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Taxation measures

Updated June 14, 2019

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The writer is a senior research fellow at the Institute of Development and Economic Alternatives, and an associate professor of economics at Lums, Lahore.
The writer is a senior research fellow at the Institute of Development and Economic Alternatives, and an associate professor of economics at Lums, Lahore.

THE budget is a tough one. But it was expected to be. Our deficits — fiscal, trade and foreign currency — had to be addressed. Some of this is part of the IMF conditionality, but even if we had not gone into an IMF agreement, this budget had to address underlying issues. If the state does not have the money to spend, it will have to raise more money and reduce expenditure, both, to make ends meet. If we do not have enough dollars to pay for our import needs, imports will have to be curtailed and we will have to try to raise exports to get more dollars.

Taxes were expected to rise. And they did. Whenever taxes go up and/or expenditures are curtailed, there are always winners and losers. However much one might drum up patriotic fervour, higher taxation will always be welcomed by very few, if any. Similarly, when expenditures are cut, those who benefited from the said expenditures will get hurt.

Read: Budget 2019-20: Tax-heavy budget fails to arrest growing fiscal deficit

All of these people and groups will speak, and they should. And the government should listen to them. There are genuine concerns being expressed by people and the government has an obligation to listen. But the government also has to be clear about its priorities. These priorities have to be about moving Pakistan towards a sustainable and equitable growth path, at least in the medium if not the short term.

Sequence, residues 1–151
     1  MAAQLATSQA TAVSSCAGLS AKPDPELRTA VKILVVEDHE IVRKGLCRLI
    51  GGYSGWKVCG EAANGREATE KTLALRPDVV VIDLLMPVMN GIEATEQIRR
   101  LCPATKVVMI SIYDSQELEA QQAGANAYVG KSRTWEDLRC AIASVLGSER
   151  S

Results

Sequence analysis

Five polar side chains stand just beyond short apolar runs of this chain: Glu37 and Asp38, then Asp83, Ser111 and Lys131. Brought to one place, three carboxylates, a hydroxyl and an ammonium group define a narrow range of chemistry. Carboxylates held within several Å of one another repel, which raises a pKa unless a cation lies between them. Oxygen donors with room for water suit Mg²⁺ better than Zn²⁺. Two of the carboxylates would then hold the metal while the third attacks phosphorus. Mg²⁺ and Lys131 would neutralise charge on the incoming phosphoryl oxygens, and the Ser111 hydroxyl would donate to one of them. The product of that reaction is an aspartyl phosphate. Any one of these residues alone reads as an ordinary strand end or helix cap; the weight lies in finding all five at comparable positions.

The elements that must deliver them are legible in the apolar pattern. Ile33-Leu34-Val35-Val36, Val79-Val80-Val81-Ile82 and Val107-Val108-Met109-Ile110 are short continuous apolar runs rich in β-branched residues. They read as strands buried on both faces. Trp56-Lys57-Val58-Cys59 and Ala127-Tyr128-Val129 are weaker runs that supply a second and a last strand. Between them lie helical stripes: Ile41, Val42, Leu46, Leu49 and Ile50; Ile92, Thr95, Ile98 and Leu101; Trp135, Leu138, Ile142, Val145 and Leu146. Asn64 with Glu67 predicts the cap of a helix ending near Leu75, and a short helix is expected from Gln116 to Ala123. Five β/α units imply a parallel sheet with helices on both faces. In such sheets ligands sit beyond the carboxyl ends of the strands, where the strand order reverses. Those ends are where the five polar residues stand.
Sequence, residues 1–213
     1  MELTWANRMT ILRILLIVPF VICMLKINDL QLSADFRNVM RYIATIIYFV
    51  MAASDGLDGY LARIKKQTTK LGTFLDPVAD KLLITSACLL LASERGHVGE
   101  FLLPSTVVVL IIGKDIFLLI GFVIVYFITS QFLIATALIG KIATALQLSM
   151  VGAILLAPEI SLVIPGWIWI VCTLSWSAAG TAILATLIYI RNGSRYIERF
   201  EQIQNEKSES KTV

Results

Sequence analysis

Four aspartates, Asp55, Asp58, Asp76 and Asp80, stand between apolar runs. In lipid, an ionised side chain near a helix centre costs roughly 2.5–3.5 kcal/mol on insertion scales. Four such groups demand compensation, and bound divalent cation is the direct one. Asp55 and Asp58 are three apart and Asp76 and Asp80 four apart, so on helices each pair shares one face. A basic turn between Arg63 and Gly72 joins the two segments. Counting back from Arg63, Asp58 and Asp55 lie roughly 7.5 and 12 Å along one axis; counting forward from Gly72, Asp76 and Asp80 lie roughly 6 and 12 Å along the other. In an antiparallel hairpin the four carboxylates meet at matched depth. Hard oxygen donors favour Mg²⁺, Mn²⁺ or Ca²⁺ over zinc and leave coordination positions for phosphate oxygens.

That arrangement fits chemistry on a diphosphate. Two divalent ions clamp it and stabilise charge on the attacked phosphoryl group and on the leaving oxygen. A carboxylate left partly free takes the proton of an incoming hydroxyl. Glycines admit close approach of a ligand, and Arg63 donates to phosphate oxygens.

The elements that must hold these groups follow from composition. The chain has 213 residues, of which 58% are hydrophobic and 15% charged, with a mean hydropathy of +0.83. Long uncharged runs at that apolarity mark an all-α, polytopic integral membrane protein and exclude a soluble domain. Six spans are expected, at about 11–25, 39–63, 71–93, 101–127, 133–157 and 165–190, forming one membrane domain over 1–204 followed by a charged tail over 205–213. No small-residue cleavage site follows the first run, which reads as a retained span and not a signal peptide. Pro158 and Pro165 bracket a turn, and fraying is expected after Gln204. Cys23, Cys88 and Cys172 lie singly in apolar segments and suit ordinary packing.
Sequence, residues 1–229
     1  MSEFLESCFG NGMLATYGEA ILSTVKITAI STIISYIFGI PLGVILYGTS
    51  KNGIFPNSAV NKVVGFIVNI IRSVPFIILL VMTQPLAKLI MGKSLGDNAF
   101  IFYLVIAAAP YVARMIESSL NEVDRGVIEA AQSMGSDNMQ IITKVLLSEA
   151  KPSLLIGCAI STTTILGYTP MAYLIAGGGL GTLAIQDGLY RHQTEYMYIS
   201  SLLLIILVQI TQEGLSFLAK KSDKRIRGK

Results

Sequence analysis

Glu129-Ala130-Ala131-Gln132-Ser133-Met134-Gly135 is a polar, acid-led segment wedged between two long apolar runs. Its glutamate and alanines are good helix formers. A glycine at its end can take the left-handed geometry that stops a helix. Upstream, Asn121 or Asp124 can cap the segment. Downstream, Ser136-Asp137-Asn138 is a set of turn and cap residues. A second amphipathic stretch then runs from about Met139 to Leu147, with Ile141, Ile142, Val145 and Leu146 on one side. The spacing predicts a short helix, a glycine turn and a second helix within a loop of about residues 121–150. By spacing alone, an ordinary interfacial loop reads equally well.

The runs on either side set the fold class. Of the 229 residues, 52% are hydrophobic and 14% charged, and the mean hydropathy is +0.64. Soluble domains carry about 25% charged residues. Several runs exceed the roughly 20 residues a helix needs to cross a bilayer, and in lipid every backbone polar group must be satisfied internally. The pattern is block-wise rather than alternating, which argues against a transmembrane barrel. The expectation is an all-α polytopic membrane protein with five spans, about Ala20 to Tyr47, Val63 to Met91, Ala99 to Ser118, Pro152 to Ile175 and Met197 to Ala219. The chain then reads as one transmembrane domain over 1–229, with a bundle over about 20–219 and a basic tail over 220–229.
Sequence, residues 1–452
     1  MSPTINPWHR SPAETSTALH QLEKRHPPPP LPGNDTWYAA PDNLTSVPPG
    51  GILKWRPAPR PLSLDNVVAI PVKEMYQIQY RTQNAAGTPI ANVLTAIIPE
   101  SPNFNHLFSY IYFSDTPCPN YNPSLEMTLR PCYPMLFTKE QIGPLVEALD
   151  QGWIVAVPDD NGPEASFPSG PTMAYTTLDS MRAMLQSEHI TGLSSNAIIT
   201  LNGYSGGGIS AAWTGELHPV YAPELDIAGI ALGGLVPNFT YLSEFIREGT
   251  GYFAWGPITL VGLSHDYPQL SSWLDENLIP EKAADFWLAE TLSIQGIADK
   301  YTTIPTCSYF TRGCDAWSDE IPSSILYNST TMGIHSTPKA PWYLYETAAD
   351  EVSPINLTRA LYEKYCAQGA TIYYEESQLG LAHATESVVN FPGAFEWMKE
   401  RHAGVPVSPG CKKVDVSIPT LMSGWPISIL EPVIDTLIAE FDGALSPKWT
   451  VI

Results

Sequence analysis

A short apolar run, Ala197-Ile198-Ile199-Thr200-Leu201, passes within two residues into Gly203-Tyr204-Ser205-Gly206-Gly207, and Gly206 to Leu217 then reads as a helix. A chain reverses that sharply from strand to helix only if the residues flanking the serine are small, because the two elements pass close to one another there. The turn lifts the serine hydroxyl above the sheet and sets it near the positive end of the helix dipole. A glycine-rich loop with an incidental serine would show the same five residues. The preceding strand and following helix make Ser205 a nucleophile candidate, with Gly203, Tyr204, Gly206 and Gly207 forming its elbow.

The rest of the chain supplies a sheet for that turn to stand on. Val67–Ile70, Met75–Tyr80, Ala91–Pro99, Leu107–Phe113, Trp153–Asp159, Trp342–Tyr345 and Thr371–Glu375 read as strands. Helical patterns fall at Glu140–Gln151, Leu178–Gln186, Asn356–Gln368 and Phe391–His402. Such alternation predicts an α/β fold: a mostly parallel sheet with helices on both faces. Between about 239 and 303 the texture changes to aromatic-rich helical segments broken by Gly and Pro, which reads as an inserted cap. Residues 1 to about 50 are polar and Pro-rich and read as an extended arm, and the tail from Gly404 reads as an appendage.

Higher taxation will not be liked by people, but they will understand why it is necessary and needed if the government ensures that the path to sustainable development, in terms of policies and their implementation plans, are clearly communicated, and the government ensures that the process and policies are seen as being fair, equitable and effective. Both of these are problematic.

The government must explain how its stabilisation plan will lead to sustained and equitable growth.

We have seen stabilisation efforts happen in Pakistan a number of times. Each time, taxes were jacked up and expenditures tightened. Most of the time, we managed to achieve some stability for the economy. But, every time, we failed to move from stabilisation to a path of sustainable and equitable growth. The economy has remained elitist. It has mainly worked for some groups but for most Pakistanis it has not. It has not worked for the less fortunate and the more vulnerable sections of our society. Will this time be different? Can the government convince the people? If they do not try and/ or are not successful, people will rightly remain sceptical. The lesson from history is quite clear and emphatic on this count.